WASHINGTON - The SEC's verdict on proxy voting disclosure is being met with mixed reviews: proponents say it lets in the sunshine, while opponents say it opens the door to politics.
The controversial and closely watched measure, which requires mutual fund companies to disclose their proxy voting guidelines and votes cast, was approved Jan. 23 by a 4-1 vote.
The measure is slightly different from one originally proposed, as it allows mutual fund companies to post proxy voting records and guidelines on their websites. This addresses a concern the Investment Company Institute raised about the costs of mailing shareholders phone-book-sized prospectuses that included all the voting information.
And outgoing SEC Chairman Harvey Pitt said the ruling fulfills the commission's commitment to "the bedrock principles of transparency and adherence to fiduciary duties." The measure guards against the practice of mutual fund companies casting votes that further their own interests rather than those for whom they vote, he said.
Despite the website provision, mutual fund companies are disappointed with the ruling. The Washington-based ICI, whose membership is made up of mutual fund companies, voiced its displeasure with the proxy voting disclosure aspect of the ruling, as did officials of fund family giants Vanguard Group, Valley Forge, Pa., and Fidelity Investments Inc., Boston.
More harm than good
"It's more harmful than helpful to shareholders," said Elizabeth Powell, ICI spokeswoman. The rule produces no additional benefits to shareholders, said Ms. Powell, and brings politics into the equation.
"The main concern we have is it would allow special interest groups to politicize the proxy voting process with little or no regard for the best interest of fund shareholders," said Vin Loporchio, Fidelity spokesman. While the firm will fully comply with the SEC ruling, Fidelity officials hope the commission will review its effectiveness in due time, Mr. Loporchio said.
The ruling will be an administrative burden tied to compiling and posting of proxy voting records, he said. It will also put undue pressure from special interest groups on portfolio managers whose job is it to focus on investment management and not be the arbiter of political and social disputes, he added.
However, the ruling will have no impact on the way Fidelity manages money, he said.
Vanguard brass is encouraging portfolio managers to focus on investment fundamentals and not proxy voting, said John Demming, Vanguard spokesman. "We will continue to focus on fulfilling our fiduciary responsibilities and maximizing shareholder value."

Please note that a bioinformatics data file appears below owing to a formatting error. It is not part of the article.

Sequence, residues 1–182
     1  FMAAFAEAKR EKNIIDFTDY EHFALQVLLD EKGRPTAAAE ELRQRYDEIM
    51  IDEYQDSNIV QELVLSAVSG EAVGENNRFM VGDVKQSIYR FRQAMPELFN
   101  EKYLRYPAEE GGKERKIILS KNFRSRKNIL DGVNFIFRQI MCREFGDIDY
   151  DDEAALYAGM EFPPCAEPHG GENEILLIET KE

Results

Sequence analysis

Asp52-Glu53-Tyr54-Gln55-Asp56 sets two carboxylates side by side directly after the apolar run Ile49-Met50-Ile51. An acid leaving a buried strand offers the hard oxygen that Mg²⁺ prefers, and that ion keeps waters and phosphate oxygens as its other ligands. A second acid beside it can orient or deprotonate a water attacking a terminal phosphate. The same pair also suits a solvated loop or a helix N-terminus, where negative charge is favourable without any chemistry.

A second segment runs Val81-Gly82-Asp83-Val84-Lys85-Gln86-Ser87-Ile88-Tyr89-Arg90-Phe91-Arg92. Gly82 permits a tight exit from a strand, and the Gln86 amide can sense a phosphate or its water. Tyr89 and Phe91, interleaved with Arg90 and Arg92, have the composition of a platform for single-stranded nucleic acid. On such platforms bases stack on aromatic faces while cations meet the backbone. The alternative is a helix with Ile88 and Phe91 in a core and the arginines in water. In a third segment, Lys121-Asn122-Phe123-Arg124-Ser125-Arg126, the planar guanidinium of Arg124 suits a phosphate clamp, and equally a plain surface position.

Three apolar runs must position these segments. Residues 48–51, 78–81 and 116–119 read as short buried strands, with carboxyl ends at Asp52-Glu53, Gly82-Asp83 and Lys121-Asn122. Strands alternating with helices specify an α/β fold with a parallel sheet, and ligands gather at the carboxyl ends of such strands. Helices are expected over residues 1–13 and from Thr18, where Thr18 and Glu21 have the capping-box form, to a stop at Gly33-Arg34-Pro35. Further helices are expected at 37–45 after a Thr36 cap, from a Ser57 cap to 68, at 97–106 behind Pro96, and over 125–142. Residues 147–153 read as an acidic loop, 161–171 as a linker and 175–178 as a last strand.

Vanguard, like Fidelity, supports the other components of the measure, including the requirement that mutual fund companies develop proxy voting guidelines. Vanguard and Fidelity already post proxy voting guidelines on their websites, but the practice is not widespread, said ICI spokesman John Collins.
Janus Capital Management, Denver, which did not publicly come out against the proposal, will fully comply with ruling, said Janus spokeswoman Shelley Peterson.
On the other hand, unions, advocacy groups, shareholders and socially responsible investment firms lobbied hard for the measure and applauded its passage.
`Long overdue victory'
AFL-CIO Secretary-Treasurer Richard Trumka called it a "long overdue victory" for mutual fund investors. "The new SEC rule means that mutual fund investors will have the information necessary to determine if the votes mutual fund companies cast on our behalf truly represent investors' best interests and do not represent an effort to curry favor with the CEOs of portfolio companies in order to win lucrative contracts managing employee benefit programs," Mr. Trumka said in a statement.
Socially responsible investment firms also cheered the ruling. Thomas Grant, president of Pax World Funds, Portsmouth, N.H., called it "a big win for investors and a major step forward for good corporate governance."
Mercer Bullard, CEO of Fund Democracy, an Oxford, Miss., shareholder advocacy group, said opposition by the mutual fund industry is "a self-inflicted black eye." The politicization argument doesn't hold water because portfolio managers are obligated to ignore special interest groups when voting proxies, he said. "By giving investors a reason not to trust mutual fund managers, it (the mutual fund industry) has tarnished a reform that will help restore confidence in America's markets."
Scott Cooley, senior mutual fund analyst with Morningstar Inc., Chicago, said the mutual fund industry misjudged the political environment surrounding corporate governance and disclosure, and the industry would have been better served by gearing up for the changes rather than battling them.
Vanguard and Fidelity have strong reputations on proxy voting and Mr. Cooley said he doesn't suspect they have anything to hide. "They just don't want anyone looking over their shoulders and don't want to deal with the pressure" that will come from shareholders and activists. But those concerns don't outweigh the shareholders' right to know, he added.
Scott Stewart, former portfolio manager at Fidelity and current faculty director at the Boston University School of Management, said proxy voting disclosure makes sense because any measure that makes investors more confident in the money management process is a positive. That said, he doesn't see a lot of abuses by mutual fund companies.
While the issue has generated much debate, some industry observers don't think 401(k) plan participants or individual investors will be affected by the ruling.